Gmail Hack Highlights Need for Better Security

If you're a Google Gmail user, this is bad news. An archive of about 5 million Gmail addresses and plain text passwords was leaked to an online forum. The good news is the data is old, but better security is still needed.

CSIS Security Group, a Danish security company that offers cybercrime intelligence to law enforcement agencies and financial institutions, claims it collected a EUlarge data setEU containing a massive data leak associated with Gmail. The firm pegs the number of accounts at just over 5 million and said the leak seemed to come from sources beyond Google.

Peter Kruse, chief technology officer at CSIS, pointed out that a similar data leak associated with the Russian Web mail service Mail.ru also found its way into the public eye last week. Millions of accounts from Mail.ru were dumped online. CSIS believes the Gmail data came from the same source that leaked the Mail.ru data.

EUThis episode illustrates that security is now a major, ongoing headache for consumers who will have to live with regular data breaches,EU Greg Sterling, Vice President of the Local Search Association, told us. EUThey will thus be forced to change passwords and confront more burdensome multiple-factor authentication systems as publishers and e-commerce sites implement stricter and more Byzantine security measures in the new cat-and-mouse world of hacking.EU

So What?

We also asked Craig Young, a security researcher at security firm Tripwire, to weigh in on the data leak. He told us, quite frankly, heEUs surprised this incident is receiving attention considering thereEUs no indication that the compromised passwords came directly out of GoogleEUs system. ItEUs likely that a variety of Web sites failed to properly secure user credentials and someone just picked out all the Gmail accounts for resale on the underground, he said.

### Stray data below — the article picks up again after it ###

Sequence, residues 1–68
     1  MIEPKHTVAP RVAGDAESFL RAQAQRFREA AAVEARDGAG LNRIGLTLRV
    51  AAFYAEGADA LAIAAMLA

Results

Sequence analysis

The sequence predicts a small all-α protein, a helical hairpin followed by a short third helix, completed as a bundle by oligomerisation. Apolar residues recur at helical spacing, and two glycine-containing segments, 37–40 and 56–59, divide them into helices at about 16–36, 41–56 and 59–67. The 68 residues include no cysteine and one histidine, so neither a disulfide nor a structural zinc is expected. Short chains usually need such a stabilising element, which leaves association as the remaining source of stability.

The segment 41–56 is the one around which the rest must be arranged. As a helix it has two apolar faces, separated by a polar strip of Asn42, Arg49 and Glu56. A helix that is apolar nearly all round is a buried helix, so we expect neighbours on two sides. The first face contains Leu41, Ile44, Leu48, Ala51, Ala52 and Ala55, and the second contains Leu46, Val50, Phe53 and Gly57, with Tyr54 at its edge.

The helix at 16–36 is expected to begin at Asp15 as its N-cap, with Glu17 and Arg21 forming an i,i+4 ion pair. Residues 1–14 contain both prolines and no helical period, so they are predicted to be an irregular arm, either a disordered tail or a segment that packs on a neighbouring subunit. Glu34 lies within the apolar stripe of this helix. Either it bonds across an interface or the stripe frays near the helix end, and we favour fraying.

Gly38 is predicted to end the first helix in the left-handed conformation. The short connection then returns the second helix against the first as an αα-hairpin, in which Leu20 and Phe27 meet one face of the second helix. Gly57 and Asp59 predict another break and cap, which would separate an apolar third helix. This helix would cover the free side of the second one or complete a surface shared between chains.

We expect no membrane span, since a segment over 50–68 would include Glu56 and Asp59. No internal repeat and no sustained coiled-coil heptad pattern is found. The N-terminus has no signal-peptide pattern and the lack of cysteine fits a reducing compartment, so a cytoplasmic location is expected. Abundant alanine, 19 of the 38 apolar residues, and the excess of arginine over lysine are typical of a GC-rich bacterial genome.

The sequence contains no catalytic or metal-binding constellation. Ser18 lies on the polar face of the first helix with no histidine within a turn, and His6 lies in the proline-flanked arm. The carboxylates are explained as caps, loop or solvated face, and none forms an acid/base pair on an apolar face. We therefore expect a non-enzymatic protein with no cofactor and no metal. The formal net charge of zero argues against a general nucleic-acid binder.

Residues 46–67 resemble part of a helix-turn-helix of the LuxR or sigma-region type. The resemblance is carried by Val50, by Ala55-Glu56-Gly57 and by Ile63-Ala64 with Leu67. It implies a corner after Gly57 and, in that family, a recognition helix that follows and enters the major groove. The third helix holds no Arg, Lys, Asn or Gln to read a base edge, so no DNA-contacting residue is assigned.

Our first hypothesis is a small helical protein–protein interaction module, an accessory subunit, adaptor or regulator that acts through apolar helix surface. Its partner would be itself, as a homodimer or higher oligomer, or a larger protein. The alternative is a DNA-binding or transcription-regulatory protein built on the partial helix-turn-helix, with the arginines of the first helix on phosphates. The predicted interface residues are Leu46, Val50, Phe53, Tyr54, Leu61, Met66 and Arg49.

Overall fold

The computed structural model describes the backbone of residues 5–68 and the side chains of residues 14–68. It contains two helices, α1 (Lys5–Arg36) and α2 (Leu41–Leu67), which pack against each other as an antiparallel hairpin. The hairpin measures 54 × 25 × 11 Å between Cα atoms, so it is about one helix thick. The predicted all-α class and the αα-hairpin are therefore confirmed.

EUThe unfortunate reality is that the state...

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Gmail Hack Highlights Need for Better Security

If you're a Google Gmail user, this is bad news. An archive of about 5 million Gmail addresses and plain text passwords was leaked to an online forum. The good news is the data is old, but better security is still needed.

CSIS Security Group, a Danish security company that offers cybercrime intelligence to law enforcement agencies and financial institutions, claims it collected a EUlarge data setEU containing a massive data leak associated with Gmail. The firm pegs the number of accounts at just over 5 million and said the leak seemed to come from sources beyond Google.

Peter Kruse, chief technology officer at CSIS, pointed out that a similar data leak associated with the Russian Web mail service Mail.ru also found its way into the public eye last week. Millions of accounts from Mail.ru were dumped online. CSIS believes the Gmail data came from the same source that leaked the Mail.ru data.

EUThis episode illustrates that security is now a major, ongoing headache for consumers who will have to live with regular data breaches,EU Greg Sterling, Vice President of the Local Search Association, told us. EUThey will thus be forced to change passwords and confront more burdensome multiple-factor authentication systems as publishers and e-commerce sites implement stricter and more Byzantine security measures in the new cat-and-mouse world of hacking.EU

So What?

We also asked Craig Young, a security researcher at security firm Tripwire, to weigh in on the data leak. He told us, quite frankly, heEUs surprised this incident is receiving attention considering thereEUs no indication that the compromised passwords came directly out of GoogleEUs system. ItEUs likely that a variety of Web sites failed to properly secure user credentials and someone just picked out all the Gmail accounts for resale on the underground, he said.

EUThe unfortunate reality is that the state...

Comments are closed.